It depends. For example, with the song “Silence Is the Way” with Laura Mvula, the sample was used from the *In a Silent Way *sessions. So that’s why I purposely said, let’s call this “Silence Is The Way,” and try to build her lyrical content around that. On the song “I’m Leaving You” with Ledisi and John Scofield, it was my idea to have [Miles] say, “Wait a minute, wait a minute.” When I heard that on the multi-tracks, he said it in that rhythm, too. I didn’t even have to chop that. When I heard that, I said, “Oh, that’s something. We can use that.” So I had [Ledisi] build a whole thing around that, and I told her the concept around that: “You’re a woman that’s going to leave him,” so then [Miles] is going to say, “Wait a minute, wait a minute,” because he doesn’t want you to leave.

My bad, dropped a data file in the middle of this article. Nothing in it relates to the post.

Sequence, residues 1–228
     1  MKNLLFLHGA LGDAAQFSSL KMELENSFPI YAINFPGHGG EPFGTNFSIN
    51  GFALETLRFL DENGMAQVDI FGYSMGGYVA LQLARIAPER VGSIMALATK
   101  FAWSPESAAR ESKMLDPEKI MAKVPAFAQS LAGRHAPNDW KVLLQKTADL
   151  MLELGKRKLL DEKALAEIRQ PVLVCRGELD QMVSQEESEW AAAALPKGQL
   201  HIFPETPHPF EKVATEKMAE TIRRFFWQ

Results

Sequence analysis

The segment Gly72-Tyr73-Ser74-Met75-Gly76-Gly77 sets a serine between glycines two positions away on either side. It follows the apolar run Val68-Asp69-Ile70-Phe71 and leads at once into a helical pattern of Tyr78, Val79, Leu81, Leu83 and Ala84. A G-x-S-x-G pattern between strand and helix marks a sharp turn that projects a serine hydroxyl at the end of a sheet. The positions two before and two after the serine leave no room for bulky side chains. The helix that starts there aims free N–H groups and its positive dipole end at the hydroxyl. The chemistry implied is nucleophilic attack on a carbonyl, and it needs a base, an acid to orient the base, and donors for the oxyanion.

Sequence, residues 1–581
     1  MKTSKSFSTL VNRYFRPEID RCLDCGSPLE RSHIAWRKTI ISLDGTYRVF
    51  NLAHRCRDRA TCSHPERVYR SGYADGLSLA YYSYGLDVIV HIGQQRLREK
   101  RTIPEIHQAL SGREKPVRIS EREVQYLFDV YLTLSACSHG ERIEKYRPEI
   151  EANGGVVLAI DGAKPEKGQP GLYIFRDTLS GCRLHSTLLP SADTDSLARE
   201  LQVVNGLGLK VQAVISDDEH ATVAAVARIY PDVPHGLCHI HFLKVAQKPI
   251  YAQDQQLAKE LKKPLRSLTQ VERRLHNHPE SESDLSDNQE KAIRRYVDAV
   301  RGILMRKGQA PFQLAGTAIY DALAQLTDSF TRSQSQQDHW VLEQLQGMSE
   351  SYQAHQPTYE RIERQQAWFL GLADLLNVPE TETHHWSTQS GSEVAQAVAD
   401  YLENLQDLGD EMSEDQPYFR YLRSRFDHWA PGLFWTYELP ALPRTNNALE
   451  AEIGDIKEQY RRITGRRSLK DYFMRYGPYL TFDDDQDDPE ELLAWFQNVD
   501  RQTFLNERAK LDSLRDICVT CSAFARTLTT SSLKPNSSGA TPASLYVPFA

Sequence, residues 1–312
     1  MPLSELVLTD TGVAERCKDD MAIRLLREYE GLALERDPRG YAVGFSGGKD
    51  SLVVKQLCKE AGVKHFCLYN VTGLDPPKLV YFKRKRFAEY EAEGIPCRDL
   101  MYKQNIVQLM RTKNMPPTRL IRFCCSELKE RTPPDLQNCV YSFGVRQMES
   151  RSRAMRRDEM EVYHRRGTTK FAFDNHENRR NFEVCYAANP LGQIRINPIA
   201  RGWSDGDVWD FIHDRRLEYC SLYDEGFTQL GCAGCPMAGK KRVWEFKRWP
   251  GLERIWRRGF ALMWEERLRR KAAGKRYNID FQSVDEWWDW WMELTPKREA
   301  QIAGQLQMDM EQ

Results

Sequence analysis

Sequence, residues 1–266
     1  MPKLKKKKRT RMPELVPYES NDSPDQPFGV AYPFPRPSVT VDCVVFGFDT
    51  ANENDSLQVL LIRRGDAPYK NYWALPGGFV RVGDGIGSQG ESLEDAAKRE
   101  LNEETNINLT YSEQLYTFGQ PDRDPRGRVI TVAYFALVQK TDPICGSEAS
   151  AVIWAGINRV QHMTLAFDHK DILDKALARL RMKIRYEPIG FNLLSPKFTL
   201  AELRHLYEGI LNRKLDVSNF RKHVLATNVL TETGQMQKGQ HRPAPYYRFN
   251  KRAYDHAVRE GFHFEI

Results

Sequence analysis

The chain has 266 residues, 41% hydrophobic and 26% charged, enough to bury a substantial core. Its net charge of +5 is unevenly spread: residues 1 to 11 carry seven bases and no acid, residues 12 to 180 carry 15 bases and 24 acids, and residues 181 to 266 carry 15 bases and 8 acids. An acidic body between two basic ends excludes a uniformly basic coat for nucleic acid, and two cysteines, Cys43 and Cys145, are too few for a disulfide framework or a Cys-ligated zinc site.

On Erykah Badu’s “Maiysha (So Long),” it starts out with a bossa nova tempo, and then ends with an Afro-house beat. Did you come up with that arrangement?

That was my boy Rashad Smith who co-produced that with me — it was his idea to go into that. We wanted to it to be somewhat of a dance record as well, so people can play it in the lounges and stuff like that.

I noticed that some of the songs take on the sound of the artist you collaborate with. “Song for Selim” definitely sounds like a KING song.

Exactly. With some people, I didn’t even touch it. I just let them do them. I maybe gave them a suggestion of what song (to use), or they chose the song. KING chose that song, so I tried to find the multi-tracks, and send them little soundbites or audio from that actual recording, and they could incorporate it if they wanted to. But I definitely wanted it to sound like them. I wanted it to be them.